But it’ll be a world away from the glitz and the glamour of the biggest stage in the game.
Because while South Africa opens its doors for the 2010 tournament, Robert Earnshaw is determined to open some eyes by making an emotional trip to the country of his birth.
When the 28-year-old struts his stuff in front of thousands of fans for Nottingham Forest and Wales, it’s a long way from the Zambian town of Mufulira the pint-sized striker was brought up in.
But it’s been almost two decades since the former Cardiff City star has been back to the impoverished mining community he was born into before leaving to start a new life in South Wales.
Now Earnie’s ready to return after admitting the upbringing made him the man he is today.
Speaking about the childhood that stands in stark contrast to the multi-million pound football environment he now finds himself, Earnshaw told Wales on Sunday: “I think there’s a lot of stories of me growing up that people just wouldn’t have thought about.
“A lot of people have only seen me playing football and perhaps don’t know my background.
“But Zambia’s still close to my heart. I have a big family still over there but I’ve never been back. I was nine when I left and I’ve not seen some of my family since.
“But my grandmother managed to come over and visit recently and that got me thinking. The stories she told about what it’s like over there brought the memories back and made me think about a few things.”
These include just how fortunate he has been – and not simply in terms of a football career that has seen him bag more than 100 league goals and chalk up £12.65m in transfer fees between the Premier League and the Championship.
Because Earnshaw admits the real luck comes with just having an opportunity to make something of his life after seeing first hand the problems some African countries like Zambia suffer from.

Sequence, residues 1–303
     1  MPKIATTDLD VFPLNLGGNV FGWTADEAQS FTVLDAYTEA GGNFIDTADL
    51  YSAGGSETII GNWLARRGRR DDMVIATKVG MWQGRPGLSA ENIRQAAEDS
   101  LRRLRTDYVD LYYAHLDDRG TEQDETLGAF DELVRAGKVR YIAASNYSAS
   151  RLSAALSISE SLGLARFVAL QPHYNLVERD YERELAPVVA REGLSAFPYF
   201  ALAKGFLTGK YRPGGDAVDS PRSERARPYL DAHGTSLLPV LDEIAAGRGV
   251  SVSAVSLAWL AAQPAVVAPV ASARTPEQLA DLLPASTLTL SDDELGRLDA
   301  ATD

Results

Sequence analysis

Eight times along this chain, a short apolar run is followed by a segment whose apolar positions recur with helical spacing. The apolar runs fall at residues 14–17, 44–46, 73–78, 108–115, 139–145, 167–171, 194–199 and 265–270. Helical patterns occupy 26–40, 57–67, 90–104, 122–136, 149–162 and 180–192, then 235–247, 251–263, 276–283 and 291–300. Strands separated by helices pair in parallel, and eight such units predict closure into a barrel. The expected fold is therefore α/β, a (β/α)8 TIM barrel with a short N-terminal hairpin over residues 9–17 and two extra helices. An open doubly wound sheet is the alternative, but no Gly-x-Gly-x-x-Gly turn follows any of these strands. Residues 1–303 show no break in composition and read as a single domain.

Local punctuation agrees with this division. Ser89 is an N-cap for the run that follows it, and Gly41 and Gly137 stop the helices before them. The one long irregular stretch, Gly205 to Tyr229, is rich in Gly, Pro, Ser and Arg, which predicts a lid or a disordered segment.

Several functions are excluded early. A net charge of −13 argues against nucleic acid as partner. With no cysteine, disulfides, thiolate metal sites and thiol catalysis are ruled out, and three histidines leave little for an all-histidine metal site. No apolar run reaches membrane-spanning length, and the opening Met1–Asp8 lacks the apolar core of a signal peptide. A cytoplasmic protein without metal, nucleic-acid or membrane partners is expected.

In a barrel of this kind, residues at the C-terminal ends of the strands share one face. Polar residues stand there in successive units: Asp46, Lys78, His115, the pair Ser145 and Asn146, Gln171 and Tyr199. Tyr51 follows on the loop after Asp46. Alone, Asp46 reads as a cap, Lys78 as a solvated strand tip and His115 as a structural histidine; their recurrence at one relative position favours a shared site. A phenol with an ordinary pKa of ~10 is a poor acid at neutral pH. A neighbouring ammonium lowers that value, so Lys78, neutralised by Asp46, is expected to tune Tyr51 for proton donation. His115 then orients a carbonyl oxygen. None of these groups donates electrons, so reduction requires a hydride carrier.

In particular there are the issues with AIDs, where one in five adults are infected with HIV and the poverty that means more than half of the population are estimated to live on around £1.50 a day.
“I remember parts being in real poverty,” he recalled of his time spent in his home village in the copperbelt province, where he spoke three languages – English, Chichewa and the native Zambian tongue of Bemba. “I was lucky not be directly in it, but a lot of my friends were. But I’d still be going around bare-footed playing football, that kind of thing.
“It’s crazy to think that was me when, now, here I am, 28 years of age, playing for a club like Nottingham Forest and playing for Wales.
“And you never know what could have happened to me had I not moved away. I was one of the lucky ones to have a good family to support me.
“Everyone feels sorry for themselves now and again but the reality is that so many of us are luckier than we realise.
“Perhaps that’s one of the reasons you see me smile so much because when it’s easy to get upset or frustrated about the small things, like not being in the team or whatever, when you break it all down I know what luck really is.
“When you hear some of the moans and groans some footballers have then think back to the problems people have growing up in Zambia it puts it all into perspective.